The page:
Erythromycin (By mouth)


Erythromycin (e-rith-roe-MYE-sin)

Treats certain types of infections. Belongs to a class of drugs called antibiotics.

Brand Name(s)

Ery-Tab, E.E.S. 200, E.E.S. Granules, E.E.S. 400 Filmtab, Eryc, PCE, PCE Dispertab, Ery Tabs, Eryped 400, Ery-Ped 400, Eryped 200, E.E.S. Granule, Ery-Ped 200, Eryped, E.E.S. 400

There may be other brand names for this medicine.

When This Medicine Should Not Be Used

You should not use this medicine if you have had an allergic reaction to any type of erythromycin. You should not use this medicine together with astemizole (Hismanal®), cisapride (Propulsid®), pimozide (Orap®), terfenadine (Seldane®), or ergot medicines (such as dihydroergotamine, ergotamine, D.H.E.® 45, Ergomar®, Ergostat®, or Migranal®).

How to Use This Medicine

Delayed Release Capsule, Liquid, Tablet, Delayed Release Tablet, Coated Tablet

  • Your doctor will tell you how much of this medicine to use and how often. Your dose may need to be changed several times in order to find out what works best for you. Do not use more medicine or use it more often than your doctor tells you to.
  • Best taken on an empty stomach, but may be taken with food if stomach upset occurs.
  • Shake the oral liquid before each use. Measure the oral liquid medicine with a marked measuring spoon, oral syringe, or medicine cup.
  • Swallow the coated tablet, delayed-release tablet, or delayed-release capsule whole. Do not crush, break, or chew it.
  • Keep using this medicine for the full treatment time, even if you feel better after the first few doses. Your infection may not clear up if you stop using the medicine too soon.

If a dose is missed:

  • If you miss a dose or forget to use your medicine, use it as soon as you can. If it is almost time for your next dose, wait until then to use the medicine and skip the missed dose. Do not use extra medicine to make up for a missed dose.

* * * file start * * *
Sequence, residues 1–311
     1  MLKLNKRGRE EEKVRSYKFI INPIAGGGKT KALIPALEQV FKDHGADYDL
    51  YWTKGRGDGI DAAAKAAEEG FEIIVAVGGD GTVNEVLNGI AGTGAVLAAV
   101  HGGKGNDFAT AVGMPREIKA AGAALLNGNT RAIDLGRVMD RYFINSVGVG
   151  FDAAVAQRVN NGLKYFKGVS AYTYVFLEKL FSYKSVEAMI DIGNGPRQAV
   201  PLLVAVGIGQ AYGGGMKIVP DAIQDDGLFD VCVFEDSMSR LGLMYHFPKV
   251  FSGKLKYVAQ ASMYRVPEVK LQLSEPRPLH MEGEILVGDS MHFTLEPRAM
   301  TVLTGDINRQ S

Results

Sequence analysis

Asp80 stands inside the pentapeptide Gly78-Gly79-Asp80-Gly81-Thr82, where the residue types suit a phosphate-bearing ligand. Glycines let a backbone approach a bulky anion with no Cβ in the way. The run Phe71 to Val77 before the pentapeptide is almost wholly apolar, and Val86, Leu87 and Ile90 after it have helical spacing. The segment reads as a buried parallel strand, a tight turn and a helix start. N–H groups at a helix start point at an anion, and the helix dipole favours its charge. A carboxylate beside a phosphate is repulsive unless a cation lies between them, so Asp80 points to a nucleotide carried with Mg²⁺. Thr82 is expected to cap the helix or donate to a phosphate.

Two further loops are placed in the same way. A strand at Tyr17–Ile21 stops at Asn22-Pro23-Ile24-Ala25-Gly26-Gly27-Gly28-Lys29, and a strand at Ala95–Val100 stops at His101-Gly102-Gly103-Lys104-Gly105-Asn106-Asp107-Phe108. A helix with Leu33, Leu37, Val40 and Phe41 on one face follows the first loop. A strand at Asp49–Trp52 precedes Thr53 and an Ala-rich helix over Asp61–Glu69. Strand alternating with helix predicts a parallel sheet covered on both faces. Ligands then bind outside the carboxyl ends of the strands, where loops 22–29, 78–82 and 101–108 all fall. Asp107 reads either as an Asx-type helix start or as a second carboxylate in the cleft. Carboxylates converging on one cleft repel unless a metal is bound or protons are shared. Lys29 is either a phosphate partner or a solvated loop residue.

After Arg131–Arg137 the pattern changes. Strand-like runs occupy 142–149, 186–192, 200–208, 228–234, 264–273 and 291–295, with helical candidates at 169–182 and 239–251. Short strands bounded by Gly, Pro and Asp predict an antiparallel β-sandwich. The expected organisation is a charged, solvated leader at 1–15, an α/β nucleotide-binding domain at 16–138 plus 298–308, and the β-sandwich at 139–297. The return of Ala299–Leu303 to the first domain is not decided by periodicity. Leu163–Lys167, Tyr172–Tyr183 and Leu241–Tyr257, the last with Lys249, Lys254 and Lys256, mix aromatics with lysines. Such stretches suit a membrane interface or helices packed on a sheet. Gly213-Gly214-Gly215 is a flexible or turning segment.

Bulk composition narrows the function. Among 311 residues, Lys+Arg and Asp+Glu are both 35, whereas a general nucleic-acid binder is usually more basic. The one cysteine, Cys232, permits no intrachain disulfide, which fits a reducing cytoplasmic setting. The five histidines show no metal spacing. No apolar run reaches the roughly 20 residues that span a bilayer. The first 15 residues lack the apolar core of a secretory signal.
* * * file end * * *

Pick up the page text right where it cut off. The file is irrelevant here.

How to Store and Dispose of This Medicine

  • Store the medicine in a closed container at room temperature, away from heat, moisture, and direct light. Some brands of erythromycin are stored in the refrigerator and some may be kept at room temperature. Ask your doctor or pharmacist how to store your medicine and when it should be thrown away.
  • Ask your pharmacist, doctor, or health caregiver about the best way to dispose of any outdated medicine or medicine no longer needed.
  • Keep all medicine away from children and never share your medicine with anyone.

Drugs and Foods to Avoid

Ask your doctor or pharmacist before using any other medicine, including over-the-counter medicines, vitamins, and herbal products.

  • Make sure your doctor knows if you are also using colchicine, digoxin (Lanoxin®), theophylline (Theo-Dur®), certain blood pressure medicines (such as amlodipine, diltiazem, verapamil, Calan®, Cardizem®, Isoptin®, Norvasc®, or Verelan®), medicine for nerves or sleeping (such as alprazolam, midazolam, triazolam, Halcion®, Versed®, or Xanax®), medicine to lower cholesterol (such as atorvastatin, lovastatin, simvastatin, Altocor®, Lipitor®, Mevacor®, or Zocor®), or a blood thinner (such as warfarin, Coumadin®).
  • Make sure your doctor knows if you are also taking seizure medicines (such as carbamazepine, phenytoin, valproate, Depakene®, Dilantin®, or Tegretol®), alfentanil (Alfenta®), bromocriptine (Parlodel®), cilostazol (Pletal®), cyclosporine (Gengraf®, Neoral®, Sandimmune®), disopyramide (Norpace®), hexobarbital, quinidine (Cardioquin®, Quinaglute®), methylprednisolone (Medrol®), rifabutin (Mycobutin®), sildenafil (Viagra®), vinblastine (Velban®), or tacrolimus (Prograf®).